Sussing out the key pieces of the Internet of Things is usually accompanied by caveats ranging from the established uncertainty of the future, the security problems of the present, and the legacy system integrations of the past. Industry gurus and thought leaders predict growth in the billions – dollars, devices, deployments, Cloud applications, etc. Networking experts waffle on standardization. Hardware providers sprint to keep up. But one of the critical pieces of the Industrial IoT is something you won’t find jumping off front-page headlines – yet: Node-RED, the programming tool for wiring together hardware devices developed by IBM, is the power behind the IoT throne, and no one is really talking about it.
Lost amid the noise about ‘smartifying’ the world is the practical reality that unless you can figure out a way to seamlessly connect the hardware devices that comprise a smart network, you are essentially relying on the Cloud to run an overwhelming number of disparate applications – and that is assuming your network is near invincible. Since the Industrial IoT relies, in theory, equally upon Cloud and Edge device processing, developing software applications that can effectively run in both settings is crucial. This is where Node-RED comes in.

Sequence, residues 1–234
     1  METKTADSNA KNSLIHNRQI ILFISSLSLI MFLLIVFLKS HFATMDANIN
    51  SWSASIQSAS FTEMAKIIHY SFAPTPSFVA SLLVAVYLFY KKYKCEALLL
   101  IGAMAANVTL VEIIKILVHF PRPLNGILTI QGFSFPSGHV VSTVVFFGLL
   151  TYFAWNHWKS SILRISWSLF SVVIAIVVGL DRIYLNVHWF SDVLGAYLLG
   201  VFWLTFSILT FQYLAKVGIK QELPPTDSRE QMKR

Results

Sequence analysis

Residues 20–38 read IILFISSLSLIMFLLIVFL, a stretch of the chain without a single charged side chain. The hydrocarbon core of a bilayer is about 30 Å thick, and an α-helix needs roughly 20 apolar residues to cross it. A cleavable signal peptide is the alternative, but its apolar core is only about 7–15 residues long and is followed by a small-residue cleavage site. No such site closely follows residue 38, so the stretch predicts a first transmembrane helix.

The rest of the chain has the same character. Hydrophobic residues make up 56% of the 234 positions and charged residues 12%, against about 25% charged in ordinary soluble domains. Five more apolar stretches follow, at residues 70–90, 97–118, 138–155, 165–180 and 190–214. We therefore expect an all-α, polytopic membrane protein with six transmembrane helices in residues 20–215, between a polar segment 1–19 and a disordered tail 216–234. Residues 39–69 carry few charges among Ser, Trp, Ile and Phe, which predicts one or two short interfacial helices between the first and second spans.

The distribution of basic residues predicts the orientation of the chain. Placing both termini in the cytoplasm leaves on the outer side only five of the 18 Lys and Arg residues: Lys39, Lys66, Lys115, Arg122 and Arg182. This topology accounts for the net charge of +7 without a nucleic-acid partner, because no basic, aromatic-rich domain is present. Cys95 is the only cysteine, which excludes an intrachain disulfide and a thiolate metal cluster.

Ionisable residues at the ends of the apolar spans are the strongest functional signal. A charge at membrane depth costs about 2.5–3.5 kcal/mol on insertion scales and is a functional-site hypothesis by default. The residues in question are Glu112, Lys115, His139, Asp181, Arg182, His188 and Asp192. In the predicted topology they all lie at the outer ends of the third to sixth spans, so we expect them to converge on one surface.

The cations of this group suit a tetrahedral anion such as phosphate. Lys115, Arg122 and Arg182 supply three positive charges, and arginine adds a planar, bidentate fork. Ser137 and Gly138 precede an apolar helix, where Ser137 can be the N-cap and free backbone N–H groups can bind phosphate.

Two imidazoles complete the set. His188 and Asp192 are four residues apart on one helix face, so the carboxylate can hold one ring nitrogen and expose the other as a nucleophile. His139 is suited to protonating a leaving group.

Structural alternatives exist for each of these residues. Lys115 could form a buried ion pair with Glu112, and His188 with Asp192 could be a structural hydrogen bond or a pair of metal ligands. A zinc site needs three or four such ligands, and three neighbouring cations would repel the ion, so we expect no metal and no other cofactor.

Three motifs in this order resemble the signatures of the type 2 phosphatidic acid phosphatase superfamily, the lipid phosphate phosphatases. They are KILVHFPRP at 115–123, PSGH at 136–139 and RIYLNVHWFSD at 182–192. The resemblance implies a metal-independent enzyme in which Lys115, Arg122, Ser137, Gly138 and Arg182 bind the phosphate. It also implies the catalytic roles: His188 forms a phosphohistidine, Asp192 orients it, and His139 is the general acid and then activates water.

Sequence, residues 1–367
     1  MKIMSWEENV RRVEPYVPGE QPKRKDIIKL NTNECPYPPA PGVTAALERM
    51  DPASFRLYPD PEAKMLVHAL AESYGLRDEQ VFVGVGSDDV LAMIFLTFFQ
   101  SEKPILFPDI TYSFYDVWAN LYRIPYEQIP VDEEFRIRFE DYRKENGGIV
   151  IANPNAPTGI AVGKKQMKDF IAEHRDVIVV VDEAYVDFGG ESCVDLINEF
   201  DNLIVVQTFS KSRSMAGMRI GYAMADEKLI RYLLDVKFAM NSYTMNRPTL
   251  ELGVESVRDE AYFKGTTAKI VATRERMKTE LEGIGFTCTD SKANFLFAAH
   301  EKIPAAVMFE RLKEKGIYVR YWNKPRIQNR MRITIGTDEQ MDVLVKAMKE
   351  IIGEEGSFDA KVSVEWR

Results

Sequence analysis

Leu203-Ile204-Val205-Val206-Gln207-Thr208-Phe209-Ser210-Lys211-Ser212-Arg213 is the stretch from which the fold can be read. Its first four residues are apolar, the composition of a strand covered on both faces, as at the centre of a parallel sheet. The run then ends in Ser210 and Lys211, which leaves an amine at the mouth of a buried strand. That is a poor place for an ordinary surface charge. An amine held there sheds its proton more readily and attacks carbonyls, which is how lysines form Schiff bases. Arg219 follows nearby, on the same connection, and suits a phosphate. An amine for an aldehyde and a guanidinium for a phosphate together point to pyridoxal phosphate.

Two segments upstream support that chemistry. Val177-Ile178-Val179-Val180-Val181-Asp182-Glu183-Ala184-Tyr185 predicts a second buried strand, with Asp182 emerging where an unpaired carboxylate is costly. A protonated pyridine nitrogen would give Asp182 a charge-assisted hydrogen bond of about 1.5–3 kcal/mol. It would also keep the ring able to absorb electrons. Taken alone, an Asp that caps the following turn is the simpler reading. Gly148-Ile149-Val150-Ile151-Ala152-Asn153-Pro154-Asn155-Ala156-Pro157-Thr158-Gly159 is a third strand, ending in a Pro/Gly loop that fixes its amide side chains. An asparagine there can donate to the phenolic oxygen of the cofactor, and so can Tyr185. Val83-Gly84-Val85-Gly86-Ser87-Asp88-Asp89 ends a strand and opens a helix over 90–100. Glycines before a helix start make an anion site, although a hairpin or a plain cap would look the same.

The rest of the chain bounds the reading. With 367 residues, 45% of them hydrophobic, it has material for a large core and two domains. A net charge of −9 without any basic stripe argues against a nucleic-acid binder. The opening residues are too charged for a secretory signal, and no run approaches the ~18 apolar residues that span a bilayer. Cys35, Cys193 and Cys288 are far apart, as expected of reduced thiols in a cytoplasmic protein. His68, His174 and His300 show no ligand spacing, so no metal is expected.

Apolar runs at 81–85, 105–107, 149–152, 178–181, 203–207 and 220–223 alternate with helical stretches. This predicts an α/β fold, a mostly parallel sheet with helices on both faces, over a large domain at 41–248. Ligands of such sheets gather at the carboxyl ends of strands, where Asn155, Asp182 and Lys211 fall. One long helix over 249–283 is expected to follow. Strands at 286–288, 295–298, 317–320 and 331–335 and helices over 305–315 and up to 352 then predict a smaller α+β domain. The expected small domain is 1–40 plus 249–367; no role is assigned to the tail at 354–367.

So, if it is so easy, and so important, why is no one talking about it?
The ongoing problem for the IIoT is the Wild West mentality: the no-holds-barred land grab has resulted in disparate hardware and software products that often require a combination of proprietary and open-sourced solutions. As a result, the actual mechanisms that drive the building of an IIoT network are often less talked about than the tangible pieces that come together to build that network.
There are several considerations to keep in mind. First, the idea of IT/OT convergence has only just started to gain traction, so legacy solutions (especially in certain industries) haven’t quite crossed the threshold of multi-function. Second, the changing demographic of the workforces in the industrial sector means that the traditional gatekeepers, often not versed in software or computer programming, have been loathe to adopt solutions that require a whole new skill set. The result is that the idea of programming between devices and Cloud applications is in a relative infancy. Third – and still related to the workforce demographic – creating an entire workforce of people versed in both hardware engineering and computer programming is impractical.
Those factors, along with several others related to the need for network functionality and data analytics, means that a solution like Node-RED is still not completely understood, and perhaps even more pertinent, still not widely adopted by industry leaders on both the hardware and software side. But it also means that it is more necessary than ever.